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German Shepherd Dogs

Aliases: Alsatian

German Shepherd Dog For Sale

Getting a German Shepherd-Female or Male?

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Tags: German Shepherd Dog, Behavior

Akc Doberman Pinscher Puppies

I HAVE TWO LITTER OF DOBERMAN PUPPIES FOR SALE. THE FIRST LITTER IS ALL BLACK&RUST AND THE SECOND LITTER IS RED&RUST. ALL MY PUPPIES COME WITH A 1 YE…

$750.00

HUGHESVILLE, MO

Doberman Pinscher


You've finally decided you and your family are ready for a dog. This in itself is a big decision. The next decision you have to make is on the breed. Your choice of a German shepherd is an excellent one, as this breed is known for their loyalty, intelligence, and ease with which they can be taught to behave well. The one choice you have yet to make is on the gender. You have probably heard good things about both sexes so it's a tough decision to make.

One factor you will be taking into consideration before you get your German shepherd is if you have intentions or plans on breeding when the dog is ready. If breeding is your intention, you will want to get a female. It is important to know that breeding is a huge step, especially for an inexperienced dog owner. While the idea of having puppies and eventually selling them sounds good in theory, it requires a lot of work. With the amount of dogs being put up for adoption, breeding is something that is not often encouraged. Many people choose to have their dog either spayed or neutered to avoid unwanted pregnancies. However, if you do choose to get a female with intentions of breeding, this is a matter of personal choice.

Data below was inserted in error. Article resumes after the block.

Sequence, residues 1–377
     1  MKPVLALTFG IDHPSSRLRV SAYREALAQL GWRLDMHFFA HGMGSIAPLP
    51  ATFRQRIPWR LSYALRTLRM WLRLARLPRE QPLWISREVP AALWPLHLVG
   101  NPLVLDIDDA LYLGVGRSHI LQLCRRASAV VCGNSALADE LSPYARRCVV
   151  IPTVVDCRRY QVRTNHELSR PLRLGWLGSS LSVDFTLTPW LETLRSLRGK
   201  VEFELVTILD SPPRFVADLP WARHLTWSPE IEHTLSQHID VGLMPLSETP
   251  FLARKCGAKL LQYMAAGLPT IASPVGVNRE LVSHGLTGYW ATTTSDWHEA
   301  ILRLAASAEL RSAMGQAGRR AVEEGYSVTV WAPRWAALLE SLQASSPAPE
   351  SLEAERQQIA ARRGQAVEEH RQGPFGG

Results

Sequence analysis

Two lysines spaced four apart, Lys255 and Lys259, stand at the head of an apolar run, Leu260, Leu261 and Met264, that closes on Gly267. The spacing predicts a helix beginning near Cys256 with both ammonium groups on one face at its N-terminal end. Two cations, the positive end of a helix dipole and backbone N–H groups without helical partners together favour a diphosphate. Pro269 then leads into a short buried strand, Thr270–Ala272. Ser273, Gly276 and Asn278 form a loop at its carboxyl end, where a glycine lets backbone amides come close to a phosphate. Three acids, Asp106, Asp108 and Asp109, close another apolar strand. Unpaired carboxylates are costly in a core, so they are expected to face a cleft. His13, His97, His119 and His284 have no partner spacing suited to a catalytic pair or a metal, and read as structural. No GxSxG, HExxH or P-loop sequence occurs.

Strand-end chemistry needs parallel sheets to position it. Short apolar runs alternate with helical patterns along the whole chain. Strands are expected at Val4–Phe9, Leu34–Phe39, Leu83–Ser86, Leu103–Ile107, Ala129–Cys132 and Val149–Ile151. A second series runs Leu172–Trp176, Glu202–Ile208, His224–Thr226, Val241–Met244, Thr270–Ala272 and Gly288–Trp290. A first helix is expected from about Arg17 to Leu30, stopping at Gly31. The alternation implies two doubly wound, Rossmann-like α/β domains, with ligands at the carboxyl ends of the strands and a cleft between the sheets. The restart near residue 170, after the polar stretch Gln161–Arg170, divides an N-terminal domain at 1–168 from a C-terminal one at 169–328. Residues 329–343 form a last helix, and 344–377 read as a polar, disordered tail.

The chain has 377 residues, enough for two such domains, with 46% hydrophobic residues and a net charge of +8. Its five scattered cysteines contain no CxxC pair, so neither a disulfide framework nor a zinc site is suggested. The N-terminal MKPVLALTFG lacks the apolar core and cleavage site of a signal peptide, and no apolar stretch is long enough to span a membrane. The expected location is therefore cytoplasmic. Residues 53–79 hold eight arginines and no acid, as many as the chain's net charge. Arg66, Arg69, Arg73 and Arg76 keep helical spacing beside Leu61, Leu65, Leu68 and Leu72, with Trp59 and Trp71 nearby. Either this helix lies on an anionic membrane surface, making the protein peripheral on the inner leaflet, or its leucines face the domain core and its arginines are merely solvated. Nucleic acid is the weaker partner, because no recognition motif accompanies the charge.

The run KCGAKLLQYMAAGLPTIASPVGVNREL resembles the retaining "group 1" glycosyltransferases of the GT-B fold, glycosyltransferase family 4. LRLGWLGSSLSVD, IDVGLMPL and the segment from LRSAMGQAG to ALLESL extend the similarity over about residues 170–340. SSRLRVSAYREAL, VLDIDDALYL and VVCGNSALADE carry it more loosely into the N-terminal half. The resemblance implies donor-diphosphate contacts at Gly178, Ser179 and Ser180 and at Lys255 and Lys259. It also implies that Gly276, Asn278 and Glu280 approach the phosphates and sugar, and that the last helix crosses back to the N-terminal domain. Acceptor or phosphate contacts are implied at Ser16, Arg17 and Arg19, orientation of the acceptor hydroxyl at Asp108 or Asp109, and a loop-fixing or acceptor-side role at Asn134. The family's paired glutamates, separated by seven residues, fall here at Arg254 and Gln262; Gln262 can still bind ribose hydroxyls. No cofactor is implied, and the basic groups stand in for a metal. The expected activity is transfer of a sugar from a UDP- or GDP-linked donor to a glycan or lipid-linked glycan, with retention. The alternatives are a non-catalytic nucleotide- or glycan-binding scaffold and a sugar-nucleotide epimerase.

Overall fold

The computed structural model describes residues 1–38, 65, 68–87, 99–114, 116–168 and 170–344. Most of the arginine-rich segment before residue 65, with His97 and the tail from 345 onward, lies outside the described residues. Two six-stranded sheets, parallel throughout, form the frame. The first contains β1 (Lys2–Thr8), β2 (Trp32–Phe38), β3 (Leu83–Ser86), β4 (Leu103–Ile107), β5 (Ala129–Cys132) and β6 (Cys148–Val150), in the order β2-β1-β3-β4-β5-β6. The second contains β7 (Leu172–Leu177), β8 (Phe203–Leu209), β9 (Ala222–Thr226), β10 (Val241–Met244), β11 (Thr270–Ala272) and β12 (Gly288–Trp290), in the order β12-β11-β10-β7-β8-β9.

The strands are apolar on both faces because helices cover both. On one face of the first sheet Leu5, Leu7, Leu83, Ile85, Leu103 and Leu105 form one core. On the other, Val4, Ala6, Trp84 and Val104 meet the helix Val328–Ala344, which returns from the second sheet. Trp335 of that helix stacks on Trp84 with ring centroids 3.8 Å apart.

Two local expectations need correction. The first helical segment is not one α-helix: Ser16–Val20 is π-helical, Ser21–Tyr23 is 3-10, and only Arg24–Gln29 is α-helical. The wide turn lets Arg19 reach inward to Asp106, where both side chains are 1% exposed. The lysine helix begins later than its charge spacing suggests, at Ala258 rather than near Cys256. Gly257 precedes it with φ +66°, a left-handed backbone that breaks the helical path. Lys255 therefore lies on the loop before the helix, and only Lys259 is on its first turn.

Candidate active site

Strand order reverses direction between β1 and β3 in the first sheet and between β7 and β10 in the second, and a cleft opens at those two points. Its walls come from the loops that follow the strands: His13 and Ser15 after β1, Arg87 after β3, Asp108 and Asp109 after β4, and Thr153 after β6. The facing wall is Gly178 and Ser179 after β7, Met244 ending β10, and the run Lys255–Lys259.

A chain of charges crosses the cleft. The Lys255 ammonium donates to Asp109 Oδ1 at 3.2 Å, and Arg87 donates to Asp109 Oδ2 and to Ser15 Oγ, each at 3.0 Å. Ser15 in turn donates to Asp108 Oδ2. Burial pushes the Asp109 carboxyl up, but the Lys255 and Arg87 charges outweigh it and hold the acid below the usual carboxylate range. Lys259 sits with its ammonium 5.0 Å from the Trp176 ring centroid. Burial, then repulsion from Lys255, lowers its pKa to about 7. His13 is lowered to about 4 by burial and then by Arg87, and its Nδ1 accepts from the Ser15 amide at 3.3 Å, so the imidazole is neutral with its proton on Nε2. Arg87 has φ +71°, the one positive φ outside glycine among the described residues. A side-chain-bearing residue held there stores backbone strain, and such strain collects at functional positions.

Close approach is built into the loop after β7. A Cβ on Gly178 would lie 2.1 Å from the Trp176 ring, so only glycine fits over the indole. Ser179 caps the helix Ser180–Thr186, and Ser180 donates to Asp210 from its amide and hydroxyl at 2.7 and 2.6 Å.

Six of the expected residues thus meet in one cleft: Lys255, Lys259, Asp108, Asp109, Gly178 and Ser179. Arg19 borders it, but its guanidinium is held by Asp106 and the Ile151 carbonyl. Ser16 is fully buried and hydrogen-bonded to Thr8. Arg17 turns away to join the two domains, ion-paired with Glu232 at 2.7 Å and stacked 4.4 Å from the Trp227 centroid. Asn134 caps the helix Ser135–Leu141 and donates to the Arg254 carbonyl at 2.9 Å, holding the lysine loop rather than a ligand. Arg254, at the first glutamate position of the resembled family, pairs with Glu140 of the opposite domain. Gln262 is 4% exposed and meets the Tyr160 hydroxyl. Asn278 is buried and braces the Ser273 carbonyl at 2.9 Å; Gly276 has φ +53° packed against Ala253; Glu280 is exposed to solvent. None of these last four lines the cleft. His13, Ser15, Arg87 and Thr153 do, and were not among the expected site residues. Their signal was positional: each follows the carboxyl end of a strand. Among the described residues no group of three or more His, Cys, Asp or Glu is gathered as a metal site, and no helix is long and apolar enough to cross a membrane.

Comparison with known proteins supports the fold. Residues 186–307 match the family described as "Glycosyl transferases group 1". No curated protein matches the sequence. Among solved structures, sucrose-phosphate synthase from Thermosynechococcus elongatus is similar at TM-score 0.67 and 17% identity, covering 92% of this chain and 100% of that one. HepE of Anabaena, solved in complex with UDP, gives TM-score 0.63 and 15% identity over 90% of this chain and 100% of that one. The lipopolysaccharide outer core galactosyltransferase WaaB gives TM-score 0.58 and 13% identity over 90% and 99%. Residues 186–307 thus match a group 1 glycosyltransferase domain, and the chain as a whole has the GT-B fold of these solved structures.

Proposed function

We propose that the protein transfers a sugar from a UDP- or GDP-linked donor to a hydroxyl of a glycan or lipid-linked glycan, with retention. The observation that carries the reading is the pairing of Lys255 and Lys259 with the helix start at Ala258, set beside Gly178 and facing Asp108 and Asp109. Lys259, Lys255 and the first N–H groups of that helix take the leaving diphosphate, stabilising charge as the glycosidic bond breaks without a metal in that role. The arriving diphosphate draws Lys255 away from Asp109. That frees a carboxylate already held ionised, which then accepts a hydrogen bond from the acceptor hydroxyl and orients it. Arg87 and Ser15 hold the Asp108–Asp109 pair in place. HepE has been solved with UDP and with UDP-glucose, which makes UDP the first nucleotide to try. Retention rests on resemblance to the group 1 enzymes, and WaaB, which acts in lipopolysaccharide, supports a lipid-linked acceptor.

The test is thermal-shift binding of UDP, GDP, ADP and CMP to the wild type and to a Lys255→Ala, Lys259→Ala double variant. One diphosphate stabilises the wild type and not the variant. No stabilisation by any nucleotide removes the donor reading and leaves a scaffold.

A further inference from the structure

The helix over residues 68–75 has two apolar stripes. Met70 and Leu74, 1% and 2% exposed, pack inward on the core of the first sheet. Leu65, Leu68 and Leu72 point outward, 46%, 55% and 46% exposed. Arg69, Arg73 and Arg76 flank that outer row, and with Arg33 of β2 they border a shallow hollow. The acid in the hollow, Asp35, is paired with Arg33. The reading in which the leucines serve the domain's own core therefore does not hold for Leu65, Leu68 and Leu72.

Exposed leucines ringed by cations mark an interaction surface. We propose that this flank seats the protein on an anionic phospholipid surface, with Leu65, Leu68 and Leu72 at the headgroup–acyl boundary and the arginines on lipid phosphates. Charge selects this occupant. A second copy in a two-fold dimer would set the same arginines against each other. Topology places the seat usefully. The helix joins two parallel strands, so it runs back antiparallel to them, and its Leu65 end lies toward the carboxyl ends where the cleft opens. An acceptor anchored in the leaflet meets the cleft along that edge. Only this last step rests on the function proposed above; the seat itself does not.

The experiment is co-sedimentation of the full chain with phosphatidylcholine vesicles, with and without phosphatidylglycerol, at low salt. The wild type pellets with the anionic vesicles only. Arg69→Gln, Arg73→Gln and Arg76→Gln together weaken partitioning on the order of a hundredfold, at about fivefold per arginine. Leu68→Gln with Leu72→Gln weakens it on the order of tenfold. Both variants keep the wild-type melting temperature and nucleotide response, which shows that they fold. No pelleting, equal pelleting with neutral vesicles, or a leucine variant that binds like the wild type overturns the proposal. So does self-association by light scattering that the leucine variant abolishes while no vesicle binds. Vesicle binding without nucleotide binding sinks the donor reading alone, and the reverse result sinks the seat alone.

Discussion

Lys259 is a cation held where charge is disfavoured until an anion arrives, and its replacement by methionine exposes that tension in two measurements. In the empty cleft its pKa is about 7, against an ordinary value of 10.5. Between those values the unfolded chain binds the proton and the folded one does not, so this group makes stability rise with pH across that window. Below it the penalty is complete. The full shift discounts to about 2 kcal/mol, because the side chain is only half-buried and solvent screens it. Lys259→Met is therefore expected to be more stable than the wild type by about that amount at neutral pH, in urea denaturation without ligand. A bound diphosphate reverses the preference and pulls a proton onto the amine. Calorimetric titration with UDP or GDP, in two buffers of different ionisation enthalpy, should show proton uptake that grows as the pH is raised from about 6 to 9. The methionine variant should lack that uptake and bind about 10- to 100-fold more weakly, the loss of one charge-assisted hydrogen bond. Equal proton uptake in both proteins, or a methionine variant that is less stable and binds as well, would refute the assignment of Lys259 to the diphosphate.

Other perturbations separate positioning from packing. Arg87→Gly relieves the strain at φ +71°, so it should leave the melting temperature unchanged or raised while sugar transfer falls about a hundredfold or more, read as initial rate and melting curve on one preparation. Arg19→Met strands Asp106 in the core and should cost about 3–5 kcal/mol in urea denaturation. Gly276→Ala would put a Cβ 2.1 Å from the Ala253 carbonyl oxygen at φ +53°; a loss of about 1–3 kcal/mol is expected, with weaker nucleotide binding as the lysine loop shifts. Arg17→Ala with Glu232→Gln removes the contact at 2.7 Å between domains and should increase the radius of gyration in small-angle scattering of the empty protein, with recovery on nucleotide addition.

Some say females are more protective than males and others swear that the males are the protective ones. I've had the privilege of owning both genders. With my experience, I've found that males are more protective and "territorial" of the home, but females are more protective of the individuals living in the home. Females, I believe, are more affectionate as well. I don't know if there is any truth to this, but many say females are more affectionate towards men and male dogs are more towards women.

If you do choose to get a female and not have it spayed, you will have to deal with it coming into heat twice a year. While twice a year may not seem like a lot right now, they will bleed for anywhere from 7-11 days of their heat, which can cause quite a mess if they are a housedog. Many people purchase dog diapers for this period. Another concern is preventing an unwanted pregnancy with one of the male dogs in your neighborhood. Males can smell a female in heat for many miles. If you own a female and don't intend to use her for breeding, your vet will recommend having her spayed to prevent breast cancer, which is very common in unspayed females.

Many people choose to get a male German shepherd so they don't have the worry about having a female in heat. However, male dogs have a tendency to roam when they know there is a female in heat in the area. Regardless of how well trained your male is, if he picks it up in the air, he'll be gone for a while if you don't keep him under control.

Male dogs have a tendency to be more aggressive than females as well. There are many reasons why dog owners choose to have their males neutered. Vets often feel that neutering them will take some of the aggression out of them if aggression is a problem.

Although German shepherds of either sex are wonderful dogs and will make wonderful pets, you should take into consideration all these facts when deciding whether to get a dog or a bitch. If this dog is going to be a second dog, you may want to choose one of the opposite sex of what you already own. Although same sex dogs do often get along, occasionally there are problems later in life when they are both trying to determine which one is the "alpha" in the house.


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